3D-printed Revolving Devices Sense Their Own Movement

Integrating sensors into rotational mechanisms could enable engineers to build smart hinges that know when a door opens or gears inside a motor that lets a mechanic know their rotation speed. MIT engineers developed a way to integrate sensors into these mechanisms with 3D printing.

Integrating sensors into the designs is complicated. Sensors are typically embedded manually after device production. Now, MIT researchers developed a system that enables the printing of 3D sensors directly into a mechanism’s moving parts using conductive 3D printing filament. Devices can then sense angular position, rotation speed, and direction of rotation. Called MechSense, makers manufacture rotational mechanisms with integrated sensors in one pass using a multi-material 3D printer. The printers use several materials simultaneously to fabricate a device, /researchers built a plug-in for the computer-aided design software SolidWorks that automatically integrates sensors into a model of the mechanism, which is sent directly to the 3D printer for fabrication.

MechSense could enable rapid prototype of devices with rotating parts, including turbines and motors, incorporating sensing directly into the designs. Researchers leveraged capacitive sensing to integrate the sensors.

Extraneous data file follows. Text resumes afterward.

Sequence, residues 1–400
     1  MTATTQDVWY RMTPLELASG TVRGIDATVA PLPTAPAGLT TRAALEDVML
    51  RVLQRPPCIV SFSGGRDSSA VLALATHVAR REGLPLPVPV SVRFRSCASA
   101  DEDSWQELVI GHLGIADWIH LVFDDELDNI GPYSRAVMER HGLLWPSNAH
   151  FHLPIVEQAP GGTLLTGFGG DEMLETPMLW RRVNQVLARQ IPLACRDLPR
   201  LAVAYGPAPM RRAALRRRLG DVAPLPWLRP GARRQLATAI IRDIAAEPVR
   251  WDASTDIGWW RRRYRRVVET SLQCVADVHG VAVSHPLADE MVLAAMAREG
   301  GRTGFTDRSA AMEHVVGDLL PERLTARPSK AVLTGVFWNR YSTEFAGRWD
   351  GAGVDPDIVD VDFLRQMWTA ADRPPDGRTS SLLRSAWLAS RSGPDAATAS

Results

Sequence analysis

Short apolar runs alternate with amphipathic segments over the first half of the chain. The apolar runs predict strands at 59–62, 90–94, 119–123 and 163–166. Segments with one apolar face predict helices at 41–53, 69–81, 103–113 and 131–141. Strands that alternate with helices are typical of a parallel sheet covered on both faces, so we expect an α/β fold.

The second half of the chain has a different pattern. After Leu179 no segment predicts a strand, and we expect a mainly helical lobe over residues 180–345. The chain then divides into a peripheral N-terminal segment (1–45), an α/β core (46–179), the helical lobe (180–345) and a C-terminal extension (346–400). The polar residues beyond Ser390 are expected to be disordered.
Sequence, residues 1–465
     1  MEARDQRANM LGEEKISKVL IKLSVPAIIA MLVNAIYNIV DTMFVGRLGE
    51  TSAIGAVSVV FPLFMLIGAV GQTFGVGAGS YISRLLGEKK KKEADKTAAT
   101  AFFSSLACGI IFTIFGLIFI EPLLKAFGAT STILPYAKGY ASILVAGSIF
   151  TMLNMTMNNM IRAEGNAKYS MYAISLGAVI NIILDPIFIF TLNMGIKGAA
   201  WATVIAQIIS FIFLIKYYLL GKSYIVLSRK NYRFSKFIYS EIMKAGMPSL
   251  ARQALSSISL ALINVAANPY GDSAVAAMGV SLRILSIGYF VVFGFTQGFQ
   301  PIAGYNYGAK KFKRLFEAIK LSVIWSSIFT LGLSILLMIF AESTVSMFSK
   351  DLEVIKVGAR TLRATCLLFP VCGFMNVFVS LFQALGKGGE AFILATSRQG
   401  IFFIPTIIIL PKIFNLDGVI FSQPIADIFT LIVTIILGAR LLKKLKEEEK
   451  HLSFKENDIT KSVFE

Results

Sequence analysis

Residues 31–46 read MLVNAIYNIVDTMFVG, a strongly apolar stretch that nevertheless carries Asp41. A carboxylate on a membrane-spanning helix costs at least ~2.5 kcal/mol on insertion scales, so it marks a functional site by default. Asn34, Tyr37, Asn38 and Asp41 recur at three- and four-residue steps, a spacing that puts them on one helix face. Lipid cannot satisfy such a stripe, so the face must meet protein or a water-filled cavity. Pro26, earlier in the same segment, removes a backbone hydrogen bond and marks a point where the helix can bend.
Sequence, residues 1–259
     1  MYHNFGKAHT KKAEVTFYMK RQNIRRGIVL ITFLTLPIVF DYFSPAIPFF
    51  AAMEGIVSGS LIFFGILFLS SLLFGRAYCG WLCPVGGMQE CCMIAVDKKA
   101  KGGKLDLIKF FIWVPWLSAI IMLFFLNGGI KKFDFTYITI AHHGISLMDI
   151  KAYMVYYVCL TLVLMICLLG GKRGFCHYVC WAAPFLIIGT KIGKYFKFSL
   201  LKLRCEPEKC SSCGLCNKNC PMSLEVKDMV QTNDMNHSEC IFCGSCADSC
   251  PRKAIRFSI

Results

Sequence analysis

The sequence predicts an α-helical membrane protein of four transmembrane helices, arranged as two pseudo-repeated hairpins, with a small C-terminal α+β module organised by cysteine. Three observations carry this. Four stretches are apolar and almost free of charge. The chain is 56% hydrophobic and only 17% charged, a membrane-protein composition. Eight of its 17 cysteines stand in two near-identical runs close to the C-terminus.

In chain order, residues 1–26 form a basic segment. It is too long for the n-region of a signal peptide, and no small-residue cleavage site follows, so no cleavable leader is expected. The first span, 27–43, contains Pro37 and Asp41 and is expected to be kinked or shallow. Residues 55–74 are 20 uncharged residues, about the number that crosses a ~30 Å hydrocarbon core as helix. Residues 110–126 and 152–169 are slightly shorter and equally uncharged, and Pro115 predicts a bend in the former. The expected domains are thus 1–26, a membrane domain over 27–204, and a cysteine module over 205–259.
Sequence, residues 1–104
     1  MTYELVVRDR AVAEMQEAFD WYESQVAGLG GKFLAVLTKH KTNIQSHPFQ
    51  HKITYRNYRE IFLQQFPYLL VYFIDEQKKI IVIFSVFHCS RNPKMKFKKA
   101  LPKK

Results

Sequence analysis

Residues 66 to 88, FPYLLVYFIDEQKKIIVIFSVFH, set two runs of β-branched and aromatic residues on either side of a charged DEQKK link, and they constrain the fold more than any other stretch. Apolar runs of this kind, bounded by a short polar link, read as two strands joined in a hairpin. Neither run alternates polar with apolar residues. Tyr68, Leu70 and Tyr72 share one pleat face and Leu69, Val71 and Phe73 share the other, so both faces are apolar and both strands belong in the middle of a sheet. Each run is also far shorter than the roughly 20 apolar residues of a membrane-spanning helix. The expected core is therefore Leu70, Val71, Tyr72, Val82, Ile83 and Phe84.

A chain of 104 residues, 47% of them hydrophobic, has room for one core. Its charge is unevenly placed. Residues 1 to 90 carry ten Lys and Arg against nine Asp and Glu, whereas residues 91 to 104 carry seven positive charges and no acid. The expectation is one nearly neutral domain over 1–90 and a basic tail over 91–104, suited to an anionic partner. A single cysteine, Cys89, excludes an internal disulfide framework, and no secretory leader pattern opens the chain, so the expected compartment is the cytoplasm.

A capacitor has two plates of conductive material with an insulating material sandwiched between them. If the overlapping area or distance between the conductive plates is changed, a capacitive sensor can detect resulting changes in the electric field between the plates.

The MechSense sensor includes three patches made from a conductive material that is printed into the stationary plate, with each patch separated from its neighbors by nonconductive material. A fourth patch of conductive material with the same area as the other three patches is printed into the rotating plate.

The researchers used their system to prototype several devices, including a smart desk lamp that changes the color and brightness of its light depending on how the user rotates the bottom or middle of the lamp and a planetary gearbox, like those used in robotic arms, and a wheel that measures distance as it rolls across a surface.

Leave A Reply

Your email address will not be published.